Cutting edge research helps farmers’ Fluke fight

Clare Collett at the laboratories in IBERS, Aberystwyth University

Clare Collett at the laboratories in IBERS, Aberystwyth University

A quest to help save future UK farmers what could be millions of pounds by limiting resistance to a key drug for sheep and cattle wellbeing is being led by the latest post graduate candidate to be supported by Hybu Cig Cymru-Meat Promotion Wales (HCC).

Aberystwyth researcher Clare Collett, 24, is in her final year of a PhD at the Institute of Biological, Environmental & Rural Sciences (IBERS) at Aberystwyth University.

Clare is one of a number of postgraduate researchers to be supported by the Knowledge Exchange Skills Scholarships (KESS) programme, which brings universities and industries together to promote research which can boost key parts of the Welsh economy.

Clare is looking into the isolation of molecular markers that identify resistance to a vital drug that controls and removes liver fluke in cattle and sheep, a debilitating disease that diminishes value and returns for the farmer.

“The drug we are trying to protect is Triclabendazole, an old drug and very good at what it does. It has been used thoroughly as the go-to remedy whenever the symptoms of Fluke appear in animals and its prevalence has produced resistance,” explained Clare.

Clare studied a Masters in medical parasitology at the London School of Hygiene and Tropical Medicine following her IBERS Biology degree. She then applied for the HCC PhD support and was successful. “The work I was doing at first was a continuation of looking at the molecular makeup of the fluke.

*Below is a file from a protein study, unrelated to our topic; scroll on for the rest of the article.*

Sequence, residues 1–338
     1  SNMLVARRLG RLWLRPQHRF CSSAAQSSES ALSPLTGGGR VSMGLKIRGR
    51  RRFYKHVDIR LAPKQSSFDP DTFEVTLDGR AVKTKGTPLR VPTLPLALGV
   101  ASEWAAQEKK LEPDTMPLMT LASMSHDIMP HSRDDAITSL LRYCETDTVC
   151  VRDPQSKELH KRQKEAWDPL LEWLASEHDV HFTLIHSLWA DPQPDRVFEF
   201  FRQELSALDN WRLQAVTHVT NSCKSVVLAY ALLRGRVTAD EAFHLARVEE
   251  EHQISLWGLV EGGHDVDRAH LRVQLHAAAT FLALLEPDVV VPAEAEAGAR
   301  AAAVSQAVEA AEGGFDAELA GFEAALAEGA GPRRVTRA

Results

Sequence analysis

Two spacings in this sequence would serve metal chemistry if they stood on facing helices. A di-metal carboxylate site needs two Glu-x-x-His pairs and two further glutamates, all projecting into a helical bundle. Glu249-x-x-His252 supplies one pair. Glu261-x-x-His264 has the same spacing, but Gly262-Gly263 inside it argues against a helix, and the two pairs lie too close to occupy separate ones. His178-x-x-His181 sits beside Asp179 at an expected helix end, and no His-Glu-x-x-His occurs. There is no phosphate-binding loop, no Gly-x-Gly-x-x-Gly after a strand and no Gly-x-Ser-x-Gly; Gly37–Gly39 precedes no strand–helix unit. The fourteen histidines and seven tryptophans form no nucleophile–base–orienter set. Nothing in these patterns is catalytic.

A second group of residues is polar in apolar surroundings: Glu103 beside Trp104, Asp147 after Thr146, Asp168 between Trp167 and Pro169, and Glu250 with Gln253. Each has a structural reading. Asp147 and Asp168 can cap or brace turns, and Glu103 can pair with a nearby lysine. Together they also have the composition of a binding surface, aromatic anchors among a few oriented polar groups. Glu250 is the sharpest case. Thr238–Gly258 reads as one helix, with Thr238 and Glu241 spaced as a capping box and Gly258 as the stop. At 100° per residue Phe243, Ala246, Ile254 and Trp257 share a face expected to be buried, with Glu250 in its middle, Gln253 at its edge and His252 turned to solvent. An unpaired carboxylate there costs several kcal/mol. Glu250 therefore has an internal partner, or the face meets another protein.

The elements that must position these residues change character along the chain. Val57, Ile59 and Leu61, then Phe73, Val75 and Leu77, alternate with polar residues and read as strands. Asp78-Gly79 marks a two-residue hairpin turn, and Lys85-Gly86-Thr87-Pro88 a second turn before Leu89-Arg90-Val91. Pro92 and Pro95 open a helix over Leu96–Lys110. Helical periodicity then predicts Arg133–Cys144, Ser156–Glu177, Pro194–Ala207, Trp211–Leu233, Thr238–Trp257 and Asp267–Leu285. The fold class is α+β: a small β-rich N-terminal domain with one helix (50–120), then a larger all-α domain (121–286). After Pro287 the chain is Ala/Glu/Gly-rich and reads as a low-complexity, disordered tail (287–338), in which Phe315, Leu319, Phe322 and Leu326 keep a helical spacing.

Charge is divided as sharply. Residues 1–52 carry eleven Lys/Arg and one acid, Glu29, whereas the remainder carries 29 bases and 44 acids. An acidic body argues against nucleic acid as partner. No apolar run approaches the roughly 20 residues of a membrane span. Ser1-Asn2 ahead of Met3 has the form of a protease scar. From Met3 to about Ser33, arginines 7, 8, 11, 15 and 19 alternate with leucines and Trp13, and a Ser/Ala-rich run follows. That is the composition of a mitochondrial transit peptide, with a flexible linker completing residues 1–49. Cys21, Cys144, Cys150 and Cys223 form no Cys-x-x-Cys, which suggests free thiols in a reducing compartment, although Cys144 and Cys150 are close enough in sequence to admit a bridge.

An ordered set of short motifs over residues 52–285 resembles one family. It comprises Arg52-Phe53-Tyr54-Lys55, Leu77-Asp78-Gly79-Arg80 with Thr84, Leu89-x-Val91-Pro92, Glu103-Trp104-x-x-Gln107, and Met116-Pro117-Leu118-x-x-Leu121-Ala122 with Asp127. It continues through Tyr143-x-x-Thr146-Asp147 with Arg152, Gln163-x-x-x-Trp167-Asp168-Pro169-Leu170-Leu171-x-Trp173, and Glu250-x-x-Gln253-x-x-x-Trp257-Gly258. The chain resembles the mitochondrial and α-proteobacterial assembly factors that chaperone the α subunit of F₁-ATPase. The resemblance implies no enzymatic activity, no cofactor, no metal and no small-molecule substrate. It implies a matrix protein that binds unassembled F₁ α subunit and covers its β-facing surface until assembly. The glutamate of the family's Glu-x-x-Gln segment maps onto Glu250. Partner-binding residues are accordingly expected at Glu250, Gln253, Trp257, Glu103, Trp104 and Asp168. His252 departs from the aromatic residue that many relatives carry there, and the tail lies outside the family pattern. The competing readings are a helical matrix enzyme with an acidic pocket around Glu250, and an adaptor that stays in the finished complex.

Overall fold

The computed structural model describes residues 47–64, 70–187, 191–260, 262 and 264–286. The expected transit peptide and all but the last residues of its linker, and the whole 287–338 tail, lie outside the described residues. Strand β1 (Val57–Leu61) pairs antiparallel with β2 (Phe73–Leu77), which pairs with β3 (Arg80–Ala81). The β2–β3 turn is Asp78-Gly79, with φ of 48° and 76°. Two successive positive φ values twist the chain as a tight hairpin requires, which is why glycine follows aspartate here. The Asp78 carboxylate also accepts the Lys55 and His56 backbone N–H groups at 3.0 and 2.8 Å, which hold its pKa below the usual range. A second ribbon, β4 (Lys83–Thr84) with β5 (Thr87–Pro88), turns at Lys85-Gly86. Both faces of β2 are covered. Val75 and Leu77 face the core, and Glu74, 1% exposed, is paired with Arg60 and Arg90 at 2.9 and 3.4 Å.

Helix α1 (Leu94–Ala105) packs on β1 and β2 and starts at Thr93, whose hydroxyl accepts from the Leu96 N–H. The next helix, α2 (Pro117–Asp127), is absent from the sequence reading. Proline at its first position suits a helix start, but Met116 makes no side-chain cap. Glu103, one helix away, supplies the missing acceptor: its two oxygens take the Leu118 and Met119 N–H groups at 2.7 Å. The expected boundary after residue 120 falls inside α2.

“I’m hoping that, following my work, we will know enough to be able to introduce a novel test, a form of trial and error, to confirm or eliminate fluke and therefore any unnecessary treatment with Triclabendazole.

“We hope to be able to find a penside test for farmers – which could be saliva, a stool or an ear/nose prick blood test – that can illuminate the farmer about the condition on the farm.”

Clare said the bursary support was a huge help to her continuing her studies. “It’s a great experience; you gather a wealth of experience that offers a fantastic opportunity to set up and continue in a career in this industry.”

Post PhD Clare is keen for further research projects. “I know lab based work works for me and I’m keen to continue in the same field – parasitology,” she said.

Supervisor Dr Russ Morphew said, “The work completed by Clare during this KESS funded project is everything you hope for in such an academic-industry collaboration.  Her research is paving the way to support the future control of liver fluke across the globe and importantly will have a direct, tangible benefit to the future farmers of Wales.”

HCC Industry Development Officer Gwawr Parry emphasised how Clare Collett’s research would have tangible benefits for farmers.

“Liver fluke infection can mean lambs having a 30% reduction in daily live weight gain,” she said. “As well as promoting the best possible animal welfare, treating fluke effectively has a direct impact on the bottom line of farm businesses in the form of finishing animals more quickly and reducing expenditure on additional feed.”

Gwawr added, “HCC is very proud to be part of the KESS scheme, enabling postgraduates to work with leading academics on projects which will be of benefit to Wales’s £1.6 billion agriculture sector.”